Musharraf arrested, home declared sub-jail
Former Pakistani president Pervez Musharraf was arrested from his sprawling farmhouse here Friday, a day after he fled the Islamabad High Court that ordered his arrest in a 2007 case.
Musharraf was arrested overnight at his home on the outskirts of Islamabad, BBC quoted police officer Mohammed Khalid as saying. His home in the Chak Shahzad area on the outskirts of Islamabad was declared a sub-jail.
He said the former president was presented before a judge at Islamabad District Court.
TV images showed a bespectacled Musharraf, wearing a sleeveless jacket, being escorted by police personnel.
Musharraf Thursday fled from the Islamabad High Court after it had ordered his arrest. He had gone back to his farmhouse where the police later stood guard, triggering uncertainty.
The Islamabad High Court Thursday dismissed Musharraf's interim bail extension plea and ordered his arrest in the case related to the detention of senior judges.
After his arrest, Musharraf's sprawling farmhouse here was declared a sub-jail.
Dawn, however, said that Musharraf surrendered to the police. He appeared in the court of a judicial magistrate in Islamabad after which he left for his farmhouse.
The court ordered a two-day-long transit remand and he has been directed to appear before an anti-terrorist court within two days' time.
Thursday saw Musharraf escaping from the Islamabad High Court after the court ordered his arrest.
He fled the court premises in a black, bullet-proof SUV with tinted glasses. Escorted by his bodyguards, Musharraf zoomed out of the court premises as security personnel looked on.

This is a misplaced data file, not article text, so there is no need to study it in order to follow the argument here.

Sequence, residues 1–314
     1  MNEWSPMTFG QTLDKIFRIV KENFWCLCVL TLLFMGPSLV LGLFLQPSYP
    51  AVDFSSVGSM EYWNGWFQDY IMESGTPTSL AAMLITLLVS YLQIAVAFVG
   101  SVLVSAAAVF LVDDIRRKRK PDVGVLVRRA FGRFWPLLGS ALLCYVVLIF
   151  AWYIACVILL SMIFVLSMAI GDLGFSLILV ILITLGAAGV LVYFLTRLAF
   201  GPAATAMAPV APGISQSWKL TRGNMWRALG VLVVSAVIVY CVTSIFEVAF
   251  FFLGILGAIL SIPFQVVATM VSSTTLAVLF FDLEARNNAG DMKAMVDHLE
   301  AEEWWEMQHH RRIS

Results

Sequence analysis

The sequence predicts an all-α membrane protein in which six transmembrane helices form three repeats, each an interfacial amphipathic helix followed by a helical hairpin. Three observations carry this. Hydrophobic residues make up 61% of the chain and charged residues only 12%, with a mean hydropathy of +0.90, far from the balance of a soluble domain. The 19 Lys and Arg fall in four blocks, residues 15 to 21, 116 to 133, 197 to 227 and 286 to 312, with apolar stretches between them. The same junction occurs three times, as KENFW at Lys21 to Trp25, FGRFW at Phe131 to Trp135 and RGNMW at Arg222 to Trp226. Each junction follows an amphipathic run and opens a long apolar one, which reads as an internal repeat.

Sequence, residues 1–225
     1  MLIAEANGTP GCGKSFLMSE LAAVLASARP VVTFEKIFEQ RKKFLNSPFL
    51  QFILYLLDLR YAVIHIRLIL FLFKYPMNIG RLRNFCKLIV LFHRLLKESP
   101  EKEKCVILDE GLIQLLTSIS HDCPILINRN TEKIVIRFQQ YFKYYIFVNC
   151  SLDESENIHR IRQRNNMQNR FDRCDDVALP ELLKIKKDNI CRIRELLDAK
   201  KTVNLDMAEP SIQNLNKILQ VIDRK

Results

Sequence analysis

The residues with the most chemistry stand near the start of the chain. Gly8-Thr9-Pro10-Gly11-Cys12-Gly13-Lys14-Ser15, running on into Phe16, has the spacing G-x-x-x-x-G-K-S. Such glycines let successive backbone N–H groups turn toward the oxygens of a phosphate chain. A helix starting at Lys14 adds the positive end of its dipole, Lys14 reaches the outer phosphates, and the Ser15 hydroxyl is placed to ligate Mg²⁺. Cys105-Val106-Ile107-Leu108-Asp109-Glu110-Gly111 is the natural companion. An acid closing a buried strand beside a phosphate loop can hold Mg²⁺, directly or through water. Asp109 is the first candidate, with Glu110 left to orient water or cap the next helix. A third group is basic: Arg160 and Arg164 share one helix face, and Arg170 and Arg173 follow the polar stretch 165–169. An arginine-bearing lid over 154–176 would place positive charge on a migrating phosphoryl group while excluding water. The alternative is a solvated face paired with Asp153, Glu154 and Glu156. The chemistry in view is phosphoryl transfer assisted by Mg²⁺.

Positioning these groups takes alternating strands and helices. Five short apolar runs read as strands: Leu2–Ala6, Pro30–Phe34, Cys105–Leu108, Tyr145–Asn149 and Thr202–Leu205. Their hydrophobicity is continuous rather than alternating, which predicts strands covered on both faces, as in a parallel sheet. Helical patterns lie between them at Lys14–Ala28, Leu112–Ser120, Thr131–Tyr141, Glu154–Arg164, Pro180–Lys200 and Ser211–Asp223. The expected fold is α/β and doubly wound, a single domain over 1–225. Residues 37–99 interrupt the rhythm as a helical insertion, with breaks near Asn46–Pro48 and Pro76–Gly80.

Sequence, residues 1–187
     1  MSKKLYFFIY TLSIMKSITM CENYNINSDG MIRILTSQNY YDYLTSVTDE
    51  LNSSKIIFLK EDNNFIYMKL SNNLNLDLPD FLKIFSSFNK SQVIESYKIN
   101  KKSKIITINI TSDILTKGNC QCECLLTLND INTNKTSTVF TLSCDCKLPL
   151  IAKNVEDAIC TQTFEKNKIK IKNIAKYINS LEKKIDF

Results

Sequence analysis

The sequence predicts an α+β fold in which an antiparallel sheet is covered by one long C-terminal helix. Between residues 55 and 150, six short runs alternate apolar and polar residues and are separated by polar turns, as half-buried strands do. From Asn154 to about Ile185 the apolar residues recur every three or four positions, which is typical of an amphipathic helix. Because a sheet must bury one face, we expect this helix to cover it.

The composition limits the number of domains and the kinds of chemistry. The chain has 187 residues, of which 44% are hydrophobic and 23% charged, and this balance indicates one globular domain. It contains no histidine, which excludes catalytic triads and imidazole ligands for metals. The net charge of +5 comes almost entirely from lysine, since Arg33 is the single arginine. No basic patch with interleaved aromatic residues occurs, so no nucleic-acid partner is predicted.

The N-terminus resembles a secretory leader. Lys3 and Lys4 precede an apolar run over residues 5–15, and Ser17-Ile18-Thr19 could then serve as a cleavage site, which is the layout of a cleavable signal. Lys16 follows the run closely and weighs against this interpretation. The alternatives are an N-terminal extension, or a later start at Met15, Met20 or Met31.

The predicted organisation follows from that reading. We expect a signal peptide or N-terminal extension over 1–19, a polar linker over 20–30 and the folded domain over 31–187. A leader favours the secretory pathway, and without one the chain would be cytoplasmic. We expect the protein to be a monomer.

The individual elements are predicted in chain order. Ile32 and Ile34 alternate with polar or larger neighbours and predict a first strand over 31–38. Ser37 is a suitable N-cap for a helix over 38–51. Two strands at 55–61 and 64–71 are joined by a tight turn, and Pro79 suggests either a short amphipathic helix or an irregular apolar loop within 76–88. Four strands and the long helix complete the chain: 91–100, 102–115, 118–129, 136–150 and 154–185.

The former army chief and president, who had returned to Pakistan last month after four years of self-imposed exile, later reached his farmhouse in Chak Shahzad.
The case was based on an FIR against the retired general registered in Aug 11, 2009 on the complaint of Chaudhry Mohammad Aslam Ghumman, an advocate.
He had asked the police to initiate legal proceedings against Musharraf for detaining over 60 judges, including Chief Justice Iftikhar Muhammad Chaudhry, after proclamation of a state of emergency in the country Nov 3, 2007.
Xinhua recalled that the judges had refused to take oath under a provisional constitutional order initiated by Musharraf.
A lower court had previously issued arrest warrant for Musharraf as he failed to appear before the court despite several orders.
He faces other legal cases, including treason charges for imposing emergency rule, the 2007 assassination of former premier Benazir Bhutto and the killing of Baloch leader Nawab Akbar Bugti in 2006.
Musharraf, who seized power in a coup in 1999 and resigned in August 2008 to avoid impeachment by the parliament, has denied all the charges and vowed to defend himself in courts.
He returned to Pakistan after over four years of self-imposed exile in Britain and the UAE to lead his All Pakistan Muslim League in the May 11 parliamentary elections. But all four applications to contest the polls, including from Islamabad, have been rejected by the Election Commission.